Videos by American Songwriter
In a perfect world, the beginning of a new year would always be accompanied by the diminishing of the negative aspects of life and the resurgence of the positive. The absence of this ideal outcome drives U2’s stirring 1983 anthem “New Year’s Day.” “Nothing changes on New Year’s Day,” Bono sings in a weary refrain.
And yet the characters in the song are anything but defeated. This is evident from the narrator’s determination to return to the love from which he’s been separated by an unnamed, cruel fate. “I will be with you again” is the other vocal hook repeated throughout the song. In that respect, it’s fitting that “New Year’s Day” is one of the first songs most people heard from U2, since the willingness to confront the harsh truths of the world and the resilience to rise above them is a hallmark of so much of the band’s best work.
Dynamic music is also one of the band’s calling cards, and “New Year’s Day” has that in spades. Adam Clayton’s battering ram of a bass line and Larry Mullen, Jr.’s fearless beat keep pushing listeners into the breach, even as the cold piano notes warn of what’s waiting there. The Edge, who plays that piano part, also works his usual magic on guitar, tearing at the edges of the rhythm with serrated chords before conjuring siren calls in the instrumental break.
“New Year’s Day” keeps building to impossible musical peaks, with Bono soaring right along with his heart fully exposed at every note. Such emotional potency stood out glaringly from what surrounded the song on the radio at the time, making its success (a top 10 hit in the UK and the band’s first appearance in the Billboard Top 100) somewhat of an anomaly.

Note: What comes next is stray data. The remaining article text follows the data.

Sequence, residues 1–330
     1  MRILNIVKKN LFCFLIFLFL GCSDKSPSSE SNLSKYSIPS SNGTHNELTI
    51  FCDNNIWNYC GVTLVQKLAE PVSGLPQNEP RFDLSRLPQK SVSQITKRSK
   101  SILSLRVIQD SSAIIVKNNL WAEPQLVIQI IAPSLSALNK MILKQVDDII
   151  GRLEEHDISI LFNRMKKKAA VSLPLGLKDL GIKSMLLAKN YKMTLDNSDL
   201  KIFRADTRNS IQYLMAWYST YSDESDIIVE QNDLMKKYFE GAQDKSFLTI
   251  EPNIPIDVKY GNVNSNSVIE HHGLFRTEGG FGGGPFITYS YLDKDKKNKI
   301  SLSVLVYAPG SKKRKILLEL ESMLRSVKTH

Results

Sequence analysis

Bono noted as much in a 1983 interview with NME. “It would be stupid to start drawing up battle lines, but I think the fact that ‘New Year’s Day’ made the Top Ten indicated a disillusionment among record buyers,” he said. “I don’t think ‘New Year’s Day’ was a pop single, certainly not in the way that Mickie Most might define a pop single as something that lasts three minutes and three weeks in the chart. I don’t think we could have written that kind of song.”
The song began as a love song to his wife, but Bono eventually became inspired by the Solidarity movement in Poland to finish the story. This mingling of the personal and the political allows it to work on multiple levels. The imagery is simple yet vivid: A crowd sits under a “blood red sky”; their “arms entwined” speaks to the notion of unity in the face of great turmoil; and when the narrator sings “Though torn in two/We can be one,” you can’t help but believe all imposing odds will be overcome and triumph is possible, even as the music teeters on a perilous edge.
U2’s decision to omit overt, specific references to the political turmoil of the era was a wise one. As a result, “New Year’s Day” will never become dated. At the end of each passing year, listeners can hear the song’s combination of clear-eyed angst and imperishable hope and apply it to their own tumultuous times.